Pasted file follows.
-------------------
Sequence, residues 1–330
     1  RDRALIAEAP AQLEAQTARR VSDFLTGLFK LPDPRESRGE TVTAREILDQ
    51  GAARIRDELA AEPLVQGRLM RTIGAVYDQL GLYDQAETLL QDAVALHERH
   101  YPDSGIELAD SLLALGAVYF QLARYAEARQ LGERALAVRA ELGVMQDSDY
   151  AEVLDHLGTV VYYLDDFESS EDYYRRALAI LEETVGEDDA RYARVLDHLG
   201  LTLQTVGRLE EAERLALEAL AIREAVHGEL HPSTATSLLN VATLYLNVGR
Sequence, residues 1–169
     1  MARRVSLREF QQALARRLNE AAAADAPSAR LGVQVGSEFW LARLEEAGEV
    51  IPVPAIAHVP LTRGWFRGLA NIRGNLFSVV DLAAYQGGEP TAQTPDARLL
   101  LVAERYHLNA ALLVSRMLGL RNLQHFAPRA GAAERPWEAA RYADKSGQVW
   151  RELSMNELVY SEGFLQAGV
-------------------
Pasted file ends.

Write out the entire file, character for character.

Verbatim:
Sequence, residues 1–330
     1  RDRALIAEAP AQLEAQTARR VSDFLTGLFK LPDPRESRGE TVTAREILDQ
    51  GAARIRDELA AEPLVQGRLM RTIGAVYDQL GLYDQAETLL QDAVALHERH
   101  YPDSGIELAD SLLALGAVYF QLARYAEARQ LGERALAVRA ELGVMQDSDY
   151  AEVLDHLGTV VYYLDDFESS EDYYRRALAI LEETVGEDDA RYARVLDHLG
   201  LTLQTVGRLE EAERLALEAL AIREAVHGEL HPSTATSLLN VATLYLNVGR
Sequence, residues 1–169
     1  MARRVSLREF QQALARRLNE AAAADAPSAR LGVQVGSEFW LARLEEAGEV
    51  IPVPAIAHVP LTRGWFRGLA NIRGNLFSVV DLAAYQGGEP TAQTPDARLL
   101  LVAERYHLNA ALLVSRMLGL RNLQHFAPRA GAAERPWEAA RYADKSGQVW
   151  RELSMNELVY SEGFLQAGV